The Art of Falling

Falling is a normal part of life. By falling, you learn to get better at what you do: sport, work, or your daily life challenges. Mastering the Art of Falling is an essential part of life. By falling, you are forced to get up again, pick up the pieces of bones, worries, disappointments, or tears.

I’m sorry if my intro sounds a little dramatic, it’s meant to be, as falling hurts, it can hurt a lot. The essence of falling is how we decide to recover from it. Why am I writing about falling? Well, I’ve been falling a lot lately, in my personal life, in business and even physically (‘ll get to that soon).

You may have noticed I’ve not once mentioned “failing.” Failing is something entirely different. If you fail, you have given up and decided not to try to recover from your fall. My recent falls haven’t been pleasant, yet, they have made me stronger to tackle my present and future, even though the future is uncertain due to these falls.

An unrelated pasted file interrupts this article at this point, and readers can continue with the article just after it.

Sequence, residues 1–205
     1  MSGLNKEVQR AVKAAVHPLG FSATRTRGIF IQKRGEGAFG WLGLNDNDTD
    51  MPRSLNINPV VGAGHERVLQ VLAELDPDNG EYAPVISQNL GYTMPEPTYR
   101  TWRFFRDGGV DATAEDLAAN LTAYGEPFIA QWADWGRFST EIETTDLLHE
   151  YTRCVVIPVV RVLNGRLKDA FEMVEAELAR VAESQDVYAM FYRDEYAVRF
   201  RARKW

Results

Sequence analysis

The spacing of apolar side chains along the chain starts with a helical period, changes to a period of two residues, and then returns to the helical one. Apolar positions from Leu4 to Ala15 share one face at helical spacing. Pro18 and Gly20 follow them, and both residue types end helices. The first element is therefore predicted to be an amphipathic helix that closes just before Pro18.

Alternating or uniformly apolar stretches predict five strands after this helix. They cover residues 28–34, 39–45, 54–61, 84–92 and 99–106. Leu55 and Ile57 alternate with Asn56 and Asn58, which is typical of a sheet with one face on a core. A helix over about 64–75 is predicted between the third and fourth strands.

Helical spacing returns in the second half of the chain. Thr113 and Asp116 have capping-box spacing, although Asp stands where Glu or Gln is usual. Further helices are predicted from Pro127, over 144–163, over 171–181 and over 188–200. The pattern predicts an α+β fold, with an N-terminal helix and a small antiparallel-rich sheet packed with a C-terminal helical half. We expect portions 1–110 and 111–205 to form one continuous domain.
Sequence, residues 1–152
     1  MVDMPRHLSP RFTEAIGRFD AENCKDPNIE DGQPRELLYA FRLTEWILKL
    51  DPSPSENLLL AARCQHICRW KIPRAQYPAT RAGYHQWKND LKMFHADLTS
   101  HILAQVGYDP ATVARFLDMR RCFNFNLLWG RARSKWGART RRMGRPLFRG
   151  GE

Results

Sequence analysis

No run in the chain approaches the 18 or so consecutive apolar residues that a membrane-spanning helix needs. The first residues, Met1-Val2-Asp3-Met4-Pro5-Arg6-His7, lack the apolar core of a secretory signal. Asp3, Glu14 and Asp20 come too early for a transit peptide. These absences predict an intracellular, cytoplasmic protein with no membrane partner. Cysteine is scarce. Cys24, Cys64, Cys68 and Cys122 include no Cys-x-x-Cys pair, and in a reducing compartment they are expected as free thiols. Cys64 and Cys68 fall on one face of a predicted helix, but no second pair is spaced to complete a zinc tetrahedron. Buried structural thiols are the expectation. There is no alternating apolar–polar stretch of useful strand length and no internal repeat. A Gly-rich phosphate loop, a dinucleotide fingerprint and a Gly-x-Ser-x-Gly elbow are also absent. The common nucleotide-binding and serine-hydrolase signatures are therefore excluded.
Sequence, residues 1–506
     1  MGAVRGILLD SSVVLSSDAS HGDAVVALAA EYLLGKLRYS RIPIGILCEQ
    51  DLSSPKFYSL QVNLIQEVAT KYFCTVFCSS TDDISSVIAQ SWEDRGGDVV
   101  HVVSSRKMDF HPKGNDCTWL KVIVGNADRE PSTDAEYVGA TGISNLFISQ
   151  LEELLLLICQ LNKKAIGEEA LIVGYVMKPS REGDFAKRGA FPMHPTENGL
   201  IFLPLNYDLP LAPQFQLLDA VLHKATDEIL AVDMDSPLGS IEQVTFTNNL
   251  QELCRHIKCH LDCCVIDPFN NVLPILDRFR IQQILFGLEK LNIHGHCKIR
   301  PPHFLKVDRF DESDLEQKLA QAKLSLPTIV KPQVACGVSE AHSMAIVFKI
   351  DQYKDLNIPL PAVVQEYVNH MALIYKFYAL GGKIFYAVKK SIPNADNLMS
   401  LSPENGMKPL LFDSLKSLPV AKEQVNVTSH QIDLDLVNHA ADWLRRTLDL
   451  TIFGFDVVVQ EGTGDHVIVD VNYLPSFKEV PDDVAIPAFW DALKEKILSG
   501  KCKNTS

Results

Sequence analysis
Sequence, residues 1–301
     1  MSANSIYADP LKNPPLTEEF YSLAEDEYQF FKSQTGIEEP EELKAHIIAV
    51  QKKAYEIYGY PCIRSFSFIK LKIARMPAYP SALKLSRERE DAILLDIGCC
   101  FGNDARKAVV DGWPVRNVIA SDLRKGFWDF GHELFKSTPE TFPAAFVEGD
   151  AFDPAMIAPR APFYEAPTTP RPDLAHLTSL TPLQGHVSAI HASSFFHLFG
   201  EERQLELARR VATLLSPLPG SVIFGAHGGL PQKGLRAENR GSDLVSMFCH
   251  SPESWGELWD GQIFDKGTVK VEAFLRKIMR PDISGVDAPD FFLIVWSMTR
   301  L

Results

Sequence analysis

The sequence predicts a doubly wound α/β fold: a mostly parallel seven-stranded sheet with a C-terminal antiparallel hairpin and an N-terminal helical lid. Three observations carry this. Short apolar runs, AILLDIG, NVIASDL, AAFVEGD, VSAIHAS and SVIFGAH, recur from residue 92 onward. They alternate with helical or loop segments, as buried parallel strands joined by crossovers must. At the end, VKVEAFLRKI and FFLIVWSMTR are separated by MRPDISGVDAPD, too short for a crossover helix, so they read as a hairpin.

So what happened?

Are you ready? Okay, let’s get into it. Be warned, it’s a bit of a shocker.

Motorbike Crash.

Two days ago, I had my first ever motorbike crash. I’ve been riding big bikes my whole life, from a Harley Fat Boy to KTM Supermotard, Cross Bikes, and now in Bali, these super-powerful 155cc scooters. These boys can reach speeds of 120kmh (75mph).

Every man and his dog (literally, the dogs ride on the bikes in Bali too), rides a scooter, and many of them are these big beasts. Everyone drives too fast, especially now during the pandemic. The streets are almost empty, whereas they are usually jammed with traffic.

Next, there are no speed limits and thus no speeding fines, even in the small villages. On top of that, though helmets are obligatory, many riders (many foreigners included) don’t wear helmets and even ride topless. That’s a form of stupidity and ignorance I haven’t gotten my head around. To top it all off, many people ride these bikes without driving licenses. None of the above helps road safety.

The bottom line, riding bikes here is fun but bloody dangerous. Want to know the statistics?

Here you go:

The official number from the provincial Traffic Police is that there are about 1,500 deaths in traffic annually in Bali. 80% ( 1,200 people) of those deaths are motorbike users.

It’s a big problem the local government should start addressing, by, for example, introducing speed limits, radar, speeding fines, as well as cracking down on the helmet law. Why do other countries have these things in place? Well, some would say to restrict and collect money, but the reality is, road traffic has to be regulated for everyone’s safety. If some sort of regulations are put in place, the following will happen.